By Robert Guttersohn
Deana and Ray Housteau of Canfield, both lifelong residents of the Mahoning Valley and owners of four dogs, say the recent rash of violence toward animals is the worst that they’ve seen.
And they are not alone.
In an interview with The Vindicator, Mahoning County Dog Warden Matt Ditchey said he’s never seen the number of extreme dog-cruelty cases in such a short time in the region.
And though the warden and the Animal Charity Humane Society in Boardman hope a single perpetrator is responsible for the cases in Youngstown, they have yet to find a link connecting five incidents in two weeks involving seven dogs.
“We hope there aren’t that many sick people walking around doing this,” said Talia Musolino, office manager of the humane society.
“One part of me hopes it is one bad person,” Ditchey said. “Another part of me hopes it’s one bad person and that the dog with the missing leg is just a horrible accident.”
The first two dogs, puppies, were found Jan. 30 in a grassy median in front of the Western Reserve Transit Authority terminal on Federal Street. The two German shepherd pups had string tied around their necks that strangled the pair as they struggled to free themselves, Ditchey said.
Another dog was found Feb. 1 on the North Side near Ohio Avenue and Tod Lane. The pit bull was stuffed inside a blue plastic garbage can and thrown into a ravine. Initially, officials thought the dog was shot to death but a necropsy performed on the dog revealed the holes were bite marks, not bullet holes, leading investigators to believe it was killed during a dog-fighting match.
Last Monday, two dogs were tossed from the Interstate 680 overpass onto East Midlothian Boulevard. They survived, and officials said if there is any connection among the cases, they believe the I-680 incident is not connected to the others.
Two subsequent incidents were both discovered in the Salt Springs Road corridor on the city’s industrial West Side:
Last Wednesday, officials found near Oneta Avenue at Salt Springs Road a young black Labrador retriever with its right rear leg and part of its tail chopped off. That dog survived, has undergone surgery and will be adopted soon.
That same day officials found a dog with its leash wrapped around a tree branch in a secluded area just south of the Ohio Works Drive cul de sac, near Salt Springs Road. A necropsy — an autopsy on an animal — performed by the humane society on Wednesday determined the dog was likely abandoned and left to starve to death, not hanged, Musolino said.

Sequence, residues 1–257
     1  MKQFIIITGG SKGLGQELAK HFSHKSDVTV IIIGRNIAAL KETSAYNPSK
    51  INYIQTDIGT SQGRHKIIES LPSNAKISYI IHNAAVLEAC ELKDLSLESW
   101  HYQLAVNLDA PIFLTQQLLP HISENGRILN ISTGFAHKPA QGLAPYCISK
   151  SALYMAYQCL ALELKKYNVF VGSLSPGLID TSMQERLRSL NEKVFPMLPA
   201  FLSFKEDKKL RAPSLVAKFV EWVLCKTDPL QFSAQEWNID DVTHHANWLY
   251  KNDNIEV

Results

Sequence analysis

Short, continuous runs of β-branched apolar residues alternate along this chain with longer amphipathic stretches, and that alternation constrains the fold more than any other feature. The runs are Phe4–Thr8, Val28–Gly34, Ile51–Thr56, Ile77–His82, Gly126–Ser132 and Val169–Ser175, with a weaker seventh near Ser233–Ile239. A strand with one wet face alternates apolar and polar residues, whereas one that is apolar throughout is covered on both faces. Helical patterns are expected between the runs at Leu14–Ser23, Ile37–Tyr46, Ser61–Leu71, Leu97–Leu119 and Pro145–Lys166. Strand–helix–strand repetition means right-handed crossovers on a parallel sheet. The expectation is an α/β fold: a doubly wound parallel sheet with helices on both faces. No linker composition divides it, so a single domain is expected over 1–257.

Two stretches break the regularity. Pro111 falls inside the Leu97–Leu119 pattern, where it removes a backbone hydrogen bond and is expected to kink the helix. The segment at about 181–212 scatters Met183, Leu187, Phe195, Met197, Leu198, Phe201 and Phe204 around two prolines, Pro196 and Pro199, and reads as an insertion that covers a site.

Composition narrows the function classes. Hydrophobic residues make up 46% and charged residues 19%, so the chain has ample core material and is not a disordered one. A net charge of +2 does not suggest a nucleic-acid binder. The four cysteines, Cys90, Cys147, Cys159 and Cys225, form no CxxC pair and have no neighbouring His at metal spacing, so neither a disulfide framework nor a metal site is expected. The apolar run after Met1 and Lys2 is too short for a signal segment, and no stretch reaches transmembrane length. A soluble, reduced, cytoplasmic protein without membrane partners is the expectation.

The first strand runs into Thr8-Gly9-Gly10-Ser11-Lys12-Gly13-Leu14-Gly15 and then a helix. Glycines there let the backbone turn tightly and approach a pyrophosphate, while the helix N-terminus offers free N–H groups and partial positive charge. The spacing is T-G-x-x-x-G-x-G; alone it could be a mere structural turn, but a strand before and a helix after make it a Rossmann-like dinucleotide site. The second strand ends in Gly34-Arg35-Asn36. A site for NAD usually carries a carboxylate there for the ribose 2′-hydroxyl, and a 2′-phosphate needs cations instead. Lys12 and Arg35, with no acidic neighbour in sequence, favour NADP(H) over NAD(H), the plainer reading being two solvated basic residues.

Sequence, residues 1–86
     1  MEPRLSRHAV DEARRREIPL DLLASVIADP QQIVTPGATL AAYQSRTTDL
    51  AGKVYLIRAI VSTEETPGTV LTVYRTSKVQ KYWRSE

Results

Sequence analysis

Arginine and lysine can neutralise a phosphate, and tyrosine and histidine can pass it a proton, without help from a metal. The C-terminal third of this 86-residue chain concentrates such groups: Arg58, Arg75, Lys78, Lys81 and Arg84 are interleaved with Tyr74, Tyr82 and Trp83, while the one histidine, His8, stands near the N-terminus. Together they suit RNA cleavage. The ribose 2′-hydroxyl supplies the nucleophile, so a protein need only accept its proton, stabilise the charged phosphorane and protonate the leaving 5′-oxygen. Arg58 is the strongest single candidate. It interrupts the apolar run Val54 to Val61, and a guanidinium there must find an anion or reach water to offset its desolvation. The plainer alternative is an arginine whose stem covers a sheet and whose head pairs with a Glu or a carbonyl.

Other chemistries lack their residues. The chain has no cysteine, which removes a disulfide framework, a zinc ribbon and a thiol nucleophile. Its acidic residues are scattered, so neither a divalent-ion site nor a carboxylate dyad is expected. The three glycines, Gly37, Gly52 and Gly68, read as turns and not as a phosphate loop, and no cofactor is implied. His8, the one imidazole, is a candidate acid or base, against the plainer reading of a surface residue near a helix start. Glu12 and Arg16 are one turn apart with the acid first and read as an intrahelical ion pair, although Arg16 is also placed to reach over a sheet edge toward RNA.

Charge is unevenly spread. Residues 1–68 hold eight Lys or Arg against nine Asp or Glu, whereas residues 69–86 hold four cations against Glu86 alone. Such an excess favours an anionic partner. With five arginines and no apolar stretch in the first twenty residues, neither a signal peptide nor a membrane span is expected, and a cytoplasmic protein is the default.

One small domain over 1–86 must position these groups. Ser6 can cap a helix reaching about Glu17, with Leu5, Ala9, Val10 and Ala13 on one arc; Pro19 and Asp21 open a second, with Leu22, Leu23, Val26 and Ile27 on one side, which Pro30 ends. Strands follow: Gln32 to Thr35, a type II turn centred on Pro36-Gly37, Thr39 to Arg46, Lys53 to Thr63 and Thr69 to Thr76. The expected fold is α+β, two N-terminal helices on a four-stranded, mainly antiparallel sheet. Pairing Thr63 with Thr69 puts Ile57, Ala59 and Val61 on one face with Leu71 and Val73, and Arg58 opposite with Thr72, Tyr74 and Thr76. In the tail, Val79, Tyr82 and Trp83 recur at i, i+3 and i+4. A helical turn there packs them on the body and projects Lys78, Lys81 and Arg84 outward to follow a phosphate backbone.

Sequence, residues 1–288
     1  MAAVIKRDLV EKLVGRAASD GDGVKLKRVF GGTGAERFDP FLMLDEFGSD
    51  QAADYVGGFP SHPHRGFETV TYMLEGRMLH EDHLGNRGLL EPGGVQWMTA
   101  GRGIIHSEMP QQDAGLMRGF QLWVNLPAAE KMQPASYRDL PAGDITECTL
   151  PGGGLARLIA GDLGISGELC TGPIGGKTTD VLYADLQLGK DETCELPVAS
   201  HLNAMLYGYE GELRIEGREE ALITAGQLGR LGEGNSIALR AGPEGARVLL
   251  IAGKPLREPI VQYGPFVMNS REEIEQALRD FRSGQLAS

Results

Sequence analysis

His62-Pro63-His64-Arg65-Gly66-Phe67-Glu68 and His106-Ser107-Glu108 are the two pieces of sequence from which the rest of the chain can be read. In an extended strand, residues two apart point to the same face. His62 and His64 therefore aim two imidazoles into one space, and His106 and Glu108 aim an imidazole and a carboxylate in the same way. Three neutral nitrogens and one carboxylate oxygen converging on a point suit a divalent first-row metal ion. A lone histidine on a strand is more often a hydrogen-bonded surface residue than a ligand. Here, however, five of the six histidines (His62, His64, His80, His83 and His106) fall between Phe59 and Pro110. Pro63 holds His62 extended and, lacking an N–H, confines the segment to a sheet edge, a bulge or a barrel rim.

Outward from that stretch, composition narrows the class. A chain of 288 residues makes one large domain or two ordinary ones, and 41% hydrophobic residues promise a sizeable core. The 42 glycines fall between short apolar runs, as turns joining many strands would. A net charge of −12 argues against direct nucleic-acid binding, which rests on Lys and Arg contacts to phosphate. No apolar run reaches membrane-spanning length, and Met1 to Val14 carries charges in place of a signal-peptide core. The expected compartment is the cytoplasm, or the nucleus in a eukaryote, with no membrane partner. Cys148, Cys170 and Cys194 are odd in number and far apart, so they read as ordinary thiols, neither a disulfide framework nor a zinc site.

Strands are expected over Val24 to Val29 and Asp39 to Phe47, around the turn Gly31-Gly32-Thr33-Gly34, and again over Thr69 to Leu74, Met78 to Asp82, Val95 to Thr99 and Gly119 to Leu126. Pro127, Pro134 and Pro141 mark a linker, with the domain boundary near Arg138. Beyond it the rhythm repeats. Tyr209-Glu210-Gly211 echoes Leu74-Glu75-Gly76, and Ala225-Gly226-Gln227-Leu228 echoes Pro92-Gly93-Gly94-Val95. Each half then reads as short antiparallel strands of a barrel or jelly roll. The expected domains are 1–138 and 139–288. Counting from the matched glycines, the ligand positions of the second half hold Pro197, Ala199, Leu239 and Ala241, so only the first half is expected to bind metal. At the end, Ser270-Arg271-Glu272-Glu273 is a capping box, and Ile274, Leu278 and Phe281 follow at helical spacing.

Then Thursday, two dogs were found shot to death near Salineville in Columbiana County, near the area where another dog previously was found stabbed and hanging from a tree.
Jan Palmer, a humane agent there, said officials believe those two cases are likely related. She also noted that her agency has had more of these types of cases in the past six months than in the last four years.
Going back to about Jan. 21, Ditchey said another dog was found tied up by string near Mahoning and Lakeview avenues, again on Youngstown’s West Side.
But there is hope in tying loose ends in one case.
Although Ditchey would not go into detail regarding the case of the German Shepherd pups, he did say the trail for the perpetrator is still hot.
“We are actively pursuing some good leads,” Ditchey said. “It’s definitely not a cold trail.”
For the others, Ditchey said everyone investigating is very frustrated that each case has not been solved.
He said often an animal abuser is a habitual offender and the abuse often goes beyond an animal to a child, spouse or whoever is weak enough to take it.
“Everyday we think, where’s the next dog going to be, or will it be a child,” Ditchey said.
The key is figuring out where the dogs came from, Ditchey said. So far, officials have not determined if the dogs were stolen or possibly owned by the perpetrator. Linking that information could open a door in the investigation.
“If anybody out there notices a neighbor’s dog suddenly missing, don’t feel s illy calling in,” Ditchey said.
And it’s information Deana and Ray Housteau hoped for when they put up a $1,000 reward for knowledge regarding the abuse cases.
The reward was posted on Facebook after the couple who appeared in Season 7 of CBS-TV’s “The Amazing Race” in 2005 saw the Labrador with the missing leg, and the community responded by adding more money to the pot.
Deana Housteau said Friday the reward was up to $3,400, leading them to start a Paypal account that will be linked to a special bank account.
And they are expecting more money to come.
“We’re getting a lot of messages,” Deana Housteau said. “We’re surprised at how many in the community have responded. We had no idea the number of dog lovers in the area.”
Several other funds also have been established, and Youngstown Crime Stoppers is offering a reward for information leading to a conviction in any of the abuse cases. To give information anonymously, dial 330-746-CLUE.